2old


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Author: 2old4bs Big red star, 1000 posts Old School Fool Add to my Favorite Fools Ignore this person (you won't see their posts anymore) Number: 166184 of 756811
Subject: Re: Retirement Confidence Survey Date: 4/30/2004 9:56 AM
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One could easily live where I live on $25,000/year

But 25K/year would require receiving maximum SS benefits (approx. 23K/year), plus having about $40K in savings (at a 4% withdrawal rate). 29% in the survey had less than $25K in total savings, and most of them probably won't be receiving maximum SS benefits. I think that's what MizL was referring to...

2old


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Author: 1HappyFool Big gold star, 5000 posts Old School Fool Add to my Favorite Fools Ignore this person (you won't see their posts anymore) Number: 166206 of 756811
Subject: Re: Retirement Confidence Survey Date: 4/30/2004 11:48 AM
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I'm hoping that one (or all) of her 4 children will be there for her, but with families of their own, they don't appear to be very sympathetic. It will definitely be a quandary... -- 2old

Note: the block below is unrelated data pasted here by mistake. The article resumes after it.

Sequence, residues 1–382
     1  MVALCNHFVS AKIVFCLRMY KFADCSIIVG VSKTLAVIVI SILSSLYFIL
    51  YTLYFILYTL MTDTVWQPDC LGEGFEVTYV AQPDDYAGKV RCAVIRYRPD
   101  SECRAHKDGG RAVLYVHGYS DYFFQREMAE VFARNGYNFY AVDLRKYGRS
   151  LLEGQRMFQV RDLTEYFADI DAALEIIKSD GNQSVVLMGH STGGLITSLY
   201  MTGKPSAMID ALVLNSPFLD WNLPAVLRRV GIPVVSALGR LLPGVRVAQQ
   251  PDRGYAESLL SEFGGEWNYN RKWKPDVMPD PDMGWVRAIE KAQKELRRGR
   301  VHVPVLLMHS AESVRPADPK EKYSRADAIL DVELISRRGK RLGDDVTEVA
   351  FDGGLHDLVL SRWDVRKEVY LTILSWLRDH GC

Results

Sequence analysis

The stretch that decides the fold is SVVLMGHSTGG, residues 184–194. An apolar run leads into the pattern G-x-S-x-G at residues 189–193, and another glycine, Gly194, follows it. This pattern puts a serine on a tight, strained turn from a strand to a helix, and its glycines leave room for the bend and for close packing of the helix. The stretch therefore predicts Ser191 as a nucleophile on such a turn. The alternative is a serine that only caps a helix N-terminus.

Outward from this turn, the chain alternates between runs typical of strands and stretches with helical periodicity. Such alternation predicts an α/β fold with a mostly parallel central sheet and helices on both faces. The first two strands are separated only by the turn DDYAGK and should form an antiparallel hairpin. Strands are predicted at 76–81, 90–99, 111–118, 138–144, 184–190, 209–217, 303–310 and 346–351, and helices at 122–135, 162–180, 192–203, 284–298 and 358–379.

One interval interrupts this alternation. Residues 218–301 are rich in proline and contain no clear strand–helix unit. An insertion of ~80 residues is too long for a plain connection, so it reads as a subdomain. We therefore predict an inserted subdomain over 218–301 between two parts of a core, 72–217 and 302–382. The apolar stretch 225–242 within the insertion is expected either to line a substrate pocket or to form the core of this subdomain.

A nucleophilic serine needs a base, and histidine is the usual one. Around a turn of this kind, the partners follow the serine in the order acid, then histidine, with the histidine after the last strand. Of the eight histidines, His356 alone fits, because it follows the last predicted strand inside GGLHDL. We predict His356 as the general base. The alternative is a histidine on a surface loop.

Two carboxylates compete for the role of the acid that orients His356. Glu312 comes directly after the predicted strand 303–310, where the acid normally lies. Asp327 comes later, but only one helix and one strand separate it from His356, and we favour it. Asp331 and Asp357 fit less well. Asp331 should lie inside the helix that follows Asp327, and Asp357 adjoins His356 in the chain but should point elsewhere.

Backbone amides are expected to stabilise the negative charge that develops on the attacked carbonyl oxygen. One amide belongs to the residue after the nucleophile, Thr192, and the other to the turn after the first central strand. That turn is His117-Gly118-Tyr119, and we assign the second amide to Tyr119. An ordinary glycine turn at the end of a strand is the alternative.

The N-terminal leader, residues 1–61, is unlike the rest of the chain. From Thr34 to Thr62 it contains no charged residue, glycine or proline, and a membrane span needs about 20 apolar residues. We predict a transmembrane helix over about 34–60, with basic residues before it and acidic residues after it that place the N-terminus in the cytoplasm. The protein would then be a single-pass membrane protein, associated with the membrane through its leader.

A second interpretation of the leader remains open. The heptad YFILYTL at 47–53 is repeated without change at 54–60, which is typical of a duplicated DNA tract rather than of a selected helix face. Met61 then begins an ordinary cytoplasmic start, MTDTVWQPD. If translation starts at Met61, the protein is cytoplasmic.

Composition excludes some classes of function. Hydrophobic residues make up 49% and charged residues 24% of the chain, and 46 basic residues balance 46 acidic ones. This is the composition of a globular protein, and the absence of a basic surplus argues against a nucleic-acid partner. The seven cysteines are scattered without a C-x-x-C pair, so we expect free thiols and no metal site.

It seems heartless sometimes to force people to face reality towards the end of their lives, but they had a lifetime to do it voluntarily. I think we're in a crossover period where people still have expectations that their kids owe them a lifetime of servitude. When people learn that I have no kids, some still ask "But who will take care of you when you're old?" I sometimes reply, "The worms."<g>

1HF


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Author: 2old4bs Big red star, 1000 posts Old School Fool Add to my Favorite Fools Ignore this person (you won't see their posts anymore) Number: 166227 of 756811
Subject: Re: Retirement Confidence Survey Date: 4/30/2004 2:34 PM
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When people learn that I have no kids, some still ask "But who will take care of you when you're old?" I sometimes reply, "The worms."<g>

Perhaps we childless people are not as bad off as some think--not having a 'crutch' might force realism to the forefront.